morning she got underway for Buckner Bay, Okinawa and from there
directly to Subic Bay Naval Base on Luzon, Philippine Islands,
her home port for the deployment. During her Westpac assignment,
Thetis Bay participated in a major Southeast Asia Treaty
Organization (SEATO) exercise off the coast of Borneo. She made
two cultural exchange trips to Hong Kong along with the Renville
and Alamo. In late summer, she traveled to Taiwan where the
Marine helicopter squadron assisted in disaster relief.
After returning to
Long Beach, again via Pearl Harbor, the ship began preparation
for her transfer to Phiblant out of Norfolk, Virginia. Crewmen
with limited service obligations were transferred to other
Airpac carriers. In early December, 1961, Thetis Bay departed
Long Beach and arrived at Norfolk Naval Station on December 11, 1961 having
traversed the Panama Canal for the first of three times.
Phiblant was headquartered at Little Creek Naval Amphibious Base
but Thetis Bay was too large for the port. On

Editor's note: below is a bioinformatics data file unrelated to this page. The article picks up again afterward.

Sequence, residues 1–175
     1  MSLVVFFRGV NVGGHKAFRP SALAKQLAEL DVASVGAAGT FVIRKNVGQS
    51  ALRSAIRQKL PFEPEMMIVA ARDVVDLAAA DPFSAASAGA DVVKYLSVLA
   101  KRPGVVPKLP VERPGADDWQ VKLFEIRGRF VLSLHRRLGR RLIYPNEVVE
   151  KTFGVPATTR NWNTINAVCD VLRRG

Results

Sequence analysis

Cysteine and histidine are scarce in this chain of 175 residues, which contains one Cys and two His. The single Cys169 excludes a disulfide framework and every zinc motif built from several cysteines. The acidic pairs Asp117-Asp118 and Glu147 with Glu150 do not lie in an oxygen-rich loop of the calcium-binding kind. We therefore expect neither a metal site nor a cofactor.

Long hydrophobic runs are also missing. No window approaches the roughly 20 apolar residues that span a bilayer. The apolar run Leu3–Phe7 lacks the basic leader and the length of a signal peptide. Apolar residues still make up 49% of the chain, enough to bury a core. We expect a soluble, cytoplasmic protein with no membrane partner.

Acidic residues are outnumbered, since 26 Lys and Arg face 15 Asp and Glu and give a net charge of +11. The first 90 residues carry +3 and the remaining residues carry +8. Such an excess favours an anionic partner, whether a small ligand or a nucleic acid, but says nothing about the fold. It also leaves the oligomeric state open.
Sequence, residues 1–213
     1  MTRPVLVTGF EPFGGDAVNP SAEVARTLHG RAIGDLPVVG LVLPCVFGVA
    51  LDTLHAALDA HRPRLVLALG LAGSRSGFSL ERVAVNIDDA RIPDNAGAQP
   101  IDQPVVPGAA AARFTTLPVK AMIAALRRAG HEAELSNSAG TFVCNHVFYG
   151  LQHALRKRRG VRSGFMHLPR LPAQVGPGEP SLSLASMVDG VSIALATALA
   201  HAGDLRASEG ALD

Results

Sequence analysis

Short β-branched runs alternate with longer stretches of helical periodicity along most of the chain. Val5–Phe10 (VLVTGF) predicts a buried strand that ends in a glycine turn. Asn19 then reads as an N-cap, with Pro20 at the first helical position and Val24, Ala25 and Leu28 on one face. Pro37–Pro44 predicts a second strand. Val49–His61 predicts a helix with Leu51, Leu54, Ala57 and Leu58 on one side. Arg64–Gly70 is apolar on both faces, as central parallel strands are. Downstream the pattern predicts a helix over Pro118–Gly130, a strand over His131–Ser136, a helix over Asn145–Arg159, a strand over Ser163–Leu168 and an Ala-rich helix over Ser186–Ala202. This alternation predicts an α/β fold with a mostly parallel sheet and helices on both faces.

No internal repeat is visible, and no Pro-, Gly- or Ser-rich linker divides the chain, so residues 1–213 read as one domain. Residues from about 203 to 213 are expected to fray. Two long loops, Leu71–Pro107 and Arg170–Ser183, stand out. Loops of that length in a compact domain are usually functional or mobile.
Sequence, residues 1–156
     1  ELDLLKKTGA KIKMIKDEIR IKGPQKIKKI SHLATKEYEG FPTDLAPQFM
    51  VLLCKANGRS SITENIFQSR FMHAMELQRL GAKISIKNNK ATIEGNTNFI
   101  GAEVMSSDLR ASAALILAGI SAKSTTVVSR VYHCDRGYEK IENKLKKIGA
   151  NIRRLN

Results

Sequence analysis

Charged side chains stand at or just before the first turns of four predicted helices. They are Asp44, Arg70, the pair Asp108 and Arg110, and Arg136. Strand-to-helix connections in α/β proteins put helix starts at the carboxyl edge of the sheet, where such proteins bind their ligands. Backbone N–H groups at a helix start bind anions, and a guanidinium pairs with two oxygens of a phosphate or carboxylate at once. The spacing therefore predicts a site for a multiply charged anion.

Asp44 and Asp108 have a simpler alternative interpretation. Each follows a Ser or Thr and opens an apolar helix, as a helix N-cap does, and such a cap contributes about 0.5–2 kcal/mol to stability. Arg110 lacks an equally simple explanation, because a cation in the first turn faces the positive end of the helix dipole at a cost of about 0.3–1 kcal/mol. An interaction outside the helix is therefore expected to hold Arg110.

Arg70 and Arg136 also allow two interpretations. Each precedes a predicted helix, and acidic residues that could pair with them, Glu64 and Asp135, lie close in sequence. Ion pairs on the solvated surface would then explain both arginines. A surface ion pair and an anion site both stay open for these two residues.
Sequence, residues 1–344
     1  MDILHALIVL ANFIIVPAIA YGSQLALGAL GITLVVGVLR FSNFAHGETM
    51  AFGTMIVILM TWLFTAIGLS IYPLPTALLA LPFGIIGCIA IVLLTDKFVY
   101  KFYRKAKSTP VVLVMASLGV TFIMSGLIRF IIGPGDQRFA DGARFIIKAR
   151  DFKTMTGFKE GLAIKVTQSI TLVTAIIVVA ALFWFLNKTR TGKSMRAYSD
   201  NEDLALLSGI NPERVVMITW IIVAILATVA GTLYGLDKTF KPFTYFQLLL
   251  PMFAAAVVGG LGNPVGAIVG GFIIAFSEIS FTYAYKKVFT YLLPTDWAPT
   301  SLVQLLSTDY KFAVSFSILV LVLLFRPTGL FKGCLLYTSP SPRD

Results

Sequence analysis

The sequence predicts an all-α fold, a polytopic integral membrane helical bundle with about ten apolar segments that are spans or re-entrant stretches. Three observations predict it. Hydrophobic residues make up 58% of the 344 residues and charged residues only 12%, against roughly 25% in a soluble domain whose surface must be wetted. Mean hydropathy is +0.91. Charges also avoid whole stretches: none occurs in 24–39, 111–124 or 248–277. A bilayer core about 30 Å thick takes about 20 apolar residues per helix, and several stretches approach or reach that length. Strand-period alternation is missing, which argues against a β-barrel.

February 17, 1962 Captain Curtis was relieved by Captain Horace
H. Epes. Thetis Bay departed Norfolk on February 26, 1962, for
her first Caribbean deployment participating in two major
amphibious exercises, one of which was observed by President
Kennedy. After returning to Norfolk, the ship entered dry-dock
for 8 weeks of overhaul.
Missile Crisis and Blockade
In October, Thetis
Bay departed Norfolk for an amphibious exercise to be conducted
on Vieques Island, just east of Puerto Rico. For those privy to
some of the exercise details, the first hint of concern was when
ships leaving the Camp Lejuene area failed to rendezvous. On
passing between Puerto Rico and Hispaniola the ship changed
course to the West instead of to the East. We were headed toward
Cuba to assist in the evacuation of civilians from Guantanamo
Naval Base. President Kennedy's radio address on the evening of
October 22 was broadcast over the 1MC while we steamed east.
Shortly thereafter, the ship was ordered to reverse course, the
evacuation had been completed. There was an uneasy feeling among the